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For Release: June 7, 2011 - Pamela Williams, Office of Communications – (405) 271-5601

Don’t Weight Oklahoma Men! Take Steps to Prevent Obesity

Men’s Health Month, June 2011

The Oklahoma State Department of Health (OSDH) is partnering with the Men’s Health Network (MHN) to celebrate National Men’s Health Month, June 2011.  The theme “Stay Tough! Stay Healthy!” helps call attention to the growing problem of obesity in men in Oklahoma. 

About 74 percent of Oklahoma men are overweight or obese and men at all income and educational levels are at risk for obesity.  To reduce their risk, men should take small steps each day to maintain a healthy weight by being physically active for at least 30 minutes on most days of the week and eating a diet high in fruits and vegetables.

“We want to encourage men to make their health a top priority. Having a healthy weight should be the goal for most men,” said State Health Commissioner Dr. Terry Cline. “To maintain a healthy weight or to lose weight, men should visit their doctor and discuss lifestyle changes they can make to prevent obesity, such as increasing daily physical activity and eating more fruits and vegetables. Improving the health of Oklahoma’s men is certainly an important part of shaping our state’s future.”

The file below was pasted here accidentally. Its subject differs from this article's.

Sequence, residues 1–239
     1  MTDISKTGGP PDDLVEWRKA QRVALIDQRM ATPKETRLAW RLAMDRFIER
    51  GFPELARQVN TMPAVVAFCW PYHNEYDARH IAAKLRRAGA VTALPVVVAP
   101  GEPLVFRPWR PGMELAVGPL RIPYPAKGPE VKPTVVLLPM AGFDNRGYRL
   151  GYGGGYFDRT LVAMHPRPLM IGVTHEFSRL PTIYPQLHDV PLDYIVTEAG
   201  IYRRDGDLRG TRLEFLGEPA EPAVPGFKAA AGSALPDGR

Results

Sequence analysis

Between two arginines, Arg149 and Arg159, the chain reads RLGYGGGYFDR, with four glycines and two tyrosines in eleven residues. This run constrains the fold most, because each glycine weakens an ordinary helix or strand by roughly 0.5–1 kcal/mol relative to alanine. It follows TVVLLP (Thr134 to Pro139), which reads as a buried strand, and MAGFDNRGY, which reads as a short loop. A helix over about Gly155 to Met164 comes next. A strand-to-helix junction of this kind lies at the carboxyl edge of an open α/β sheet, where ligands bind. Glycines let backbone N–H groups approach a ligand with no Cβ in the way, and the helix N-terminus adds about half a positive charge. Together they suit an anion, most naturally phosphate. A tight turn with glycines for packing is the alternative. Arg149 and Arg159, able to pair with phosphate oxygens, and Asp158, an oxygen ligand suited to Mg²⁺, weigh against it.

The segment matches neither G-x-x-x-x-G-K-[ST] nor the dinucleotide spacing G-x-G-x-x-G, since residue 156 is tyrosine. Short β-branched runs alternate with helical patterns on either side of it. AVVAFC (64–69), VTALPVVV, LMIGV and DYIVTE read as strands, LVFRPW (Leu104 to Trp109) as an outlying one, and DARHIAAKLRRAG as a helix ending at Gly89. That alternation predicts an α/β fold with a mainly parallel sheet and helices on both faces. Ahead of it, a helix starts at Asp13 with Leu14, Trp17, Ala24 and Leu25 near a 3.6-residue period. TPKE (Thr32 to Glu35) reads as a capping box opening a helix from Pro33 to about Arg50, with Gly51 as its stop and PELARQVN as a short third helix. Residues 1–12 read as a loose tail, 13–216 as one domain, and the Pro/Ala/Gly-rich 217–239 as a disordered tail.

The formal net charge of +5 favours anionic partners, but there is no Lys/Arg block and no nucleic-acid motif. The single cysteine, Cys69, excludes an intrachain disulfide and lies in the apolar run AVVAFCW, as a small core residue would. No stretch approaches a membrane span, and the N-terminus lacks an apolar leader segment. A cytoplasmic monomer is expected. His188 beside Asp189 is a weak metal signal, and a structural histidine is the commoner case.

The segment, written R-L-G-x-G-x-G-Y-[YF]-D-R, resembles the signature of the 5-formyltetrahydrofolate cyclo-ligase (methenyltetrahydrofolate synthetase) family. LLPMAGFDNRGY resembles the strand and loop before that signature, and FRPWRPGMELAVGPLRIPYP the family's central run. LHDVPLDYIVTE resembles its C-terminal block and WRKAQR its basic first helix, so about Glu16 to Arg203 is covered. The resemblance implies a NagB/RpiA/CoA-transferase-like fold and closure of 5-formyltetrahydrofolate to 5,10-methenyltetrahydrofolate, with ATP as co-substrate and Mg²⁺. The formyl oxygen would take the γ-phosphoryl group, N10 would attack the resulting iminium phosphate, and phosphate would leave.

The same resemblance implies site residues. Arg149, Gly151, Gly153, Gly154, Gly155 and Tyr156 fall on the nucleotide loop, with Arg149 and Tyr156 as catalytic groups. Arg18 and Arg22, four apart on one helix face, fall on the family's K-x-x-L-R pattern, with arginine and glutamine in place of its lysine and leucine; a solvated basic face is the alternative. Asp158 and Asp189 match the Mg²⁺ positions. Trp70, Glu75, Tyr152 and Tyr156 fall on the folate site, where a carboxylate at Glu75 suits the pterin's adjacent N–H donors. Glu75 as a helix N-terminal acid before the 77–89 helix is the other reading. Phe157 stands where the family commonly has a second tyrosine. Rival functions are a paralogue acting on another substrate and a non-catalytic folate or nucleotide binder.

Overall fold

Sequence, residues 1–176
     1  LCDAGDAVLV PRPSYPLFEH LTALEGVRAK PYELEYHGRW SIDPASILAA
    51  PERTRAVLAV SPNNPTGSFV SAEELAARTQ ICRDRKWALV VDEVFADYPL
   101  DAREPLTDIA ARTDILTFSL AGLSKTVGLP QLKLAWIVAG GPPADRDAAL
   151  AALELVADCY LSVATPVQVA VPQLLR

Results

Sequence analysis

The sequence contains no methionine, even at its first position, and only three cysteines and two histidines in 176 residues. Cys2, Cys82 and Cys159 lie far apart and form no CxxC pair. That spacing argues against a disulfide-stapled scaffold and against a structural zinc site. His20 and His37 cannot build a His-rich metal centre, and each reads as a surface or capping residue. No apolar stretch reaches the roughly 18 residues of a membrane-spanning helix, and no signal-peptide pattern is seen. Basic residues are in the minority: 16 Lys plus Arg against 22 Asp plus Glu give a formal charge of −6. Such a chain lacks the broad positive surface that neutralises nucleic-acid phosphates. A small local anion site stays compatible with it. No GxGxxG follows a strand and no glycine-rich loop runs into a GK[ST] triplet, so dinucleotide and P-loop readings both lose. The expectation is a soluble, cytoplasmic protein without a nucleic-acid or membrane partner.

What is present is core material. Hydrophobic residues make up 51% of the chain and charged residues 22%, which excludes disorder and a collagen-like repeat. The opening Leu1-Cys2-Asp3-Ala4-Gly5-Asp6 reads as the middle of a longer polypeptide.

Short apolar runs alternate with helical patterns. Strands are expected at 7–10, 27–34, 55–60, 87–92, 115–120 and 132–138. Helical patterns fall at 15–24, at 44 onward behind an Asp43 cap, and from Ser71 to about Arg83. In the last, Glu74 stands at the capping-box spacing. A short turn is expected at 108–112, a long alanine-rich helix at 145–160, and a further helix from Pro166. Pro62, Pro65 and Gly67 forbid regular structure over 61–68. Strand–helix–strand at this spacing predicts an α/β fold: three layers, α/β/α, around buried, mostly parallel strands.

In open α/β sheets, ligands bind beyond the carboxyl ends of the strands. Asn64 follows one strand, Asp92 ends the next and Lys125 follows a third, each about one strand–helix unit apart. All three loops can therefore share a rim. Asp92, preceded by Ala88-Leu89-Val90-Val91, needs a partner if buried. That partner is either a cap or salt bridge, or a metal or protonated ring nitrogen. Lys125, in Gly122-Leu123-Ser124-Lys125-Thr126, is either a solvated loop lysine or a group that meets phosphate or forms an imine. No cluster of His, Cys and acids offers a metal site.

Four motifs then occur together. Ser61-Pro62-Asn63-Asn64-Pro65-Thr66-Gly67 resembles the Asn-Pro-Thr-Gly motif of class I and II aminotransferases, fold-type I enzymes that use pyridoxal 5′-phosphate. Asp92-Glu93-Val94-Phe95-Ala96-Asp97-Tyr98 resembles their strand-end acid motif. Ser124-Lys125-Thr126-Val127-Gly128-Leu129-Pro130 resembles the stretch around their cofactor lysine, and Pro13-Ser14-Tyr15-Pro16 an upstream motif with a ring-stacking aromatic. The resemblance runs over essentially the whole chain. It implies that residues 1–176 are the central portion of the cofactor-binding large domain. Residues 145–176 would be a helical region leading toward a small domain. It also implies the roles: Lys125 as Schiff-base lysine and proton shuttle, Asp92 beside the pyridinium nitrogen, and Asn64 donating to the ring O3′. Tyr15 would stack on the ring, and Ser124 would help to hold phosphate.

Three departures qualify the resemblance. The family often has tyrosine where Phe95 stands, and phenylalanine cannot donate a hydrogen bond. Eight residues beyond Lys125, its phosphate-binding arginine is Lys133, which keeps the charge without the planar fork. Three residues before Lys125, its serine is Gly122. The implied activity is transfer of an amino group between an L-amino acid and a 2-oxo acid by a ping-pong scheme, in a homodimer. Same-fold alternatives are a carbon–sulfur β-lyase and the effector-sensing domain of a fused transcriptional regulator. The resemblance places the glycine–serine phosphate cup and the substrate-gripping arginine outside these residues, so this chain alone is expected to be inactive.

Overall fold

Men often forget that preventive health care such as testicular self-exams, PSA (prostate specific antigen) blood tests, colorectal cancer screenings, cholesterol and blood sugar checks are also important in staying healthy.  When a man is healthy, he reduces his likelihood of illness, injuries, depression, anxiety, and substance abuse, and he has lower absenteeism at work and may have reduced health care costs.  

Men’s Health Month provides an opportunity for all men to take charge of their health.  The OSDH encourages interested groups to consider events in various settings, such as businesses, faith-based organizations, schools, health clinics, and recreation centers.  Possible events may include:

  • Scheduling “Wear Blue” days to promote men’s health
  • Promoting men’s health topics during Sunday church services
  • Coordinating a stair climbing or walking challenge
  • Hosting a lunch-n-learn series
  • Collecting pennies to donate to a men’s health or fatherhood organization

A toolbox for community organizations interested in planning an event for National Men’s Health Month is available at http://go.usa.gov/DTs. Individuals are encouraged to contact their county health department to learn more about local events. For additional resources on men’s health, visit the Men’s Health Network at http://www.menshealthmonth.org.

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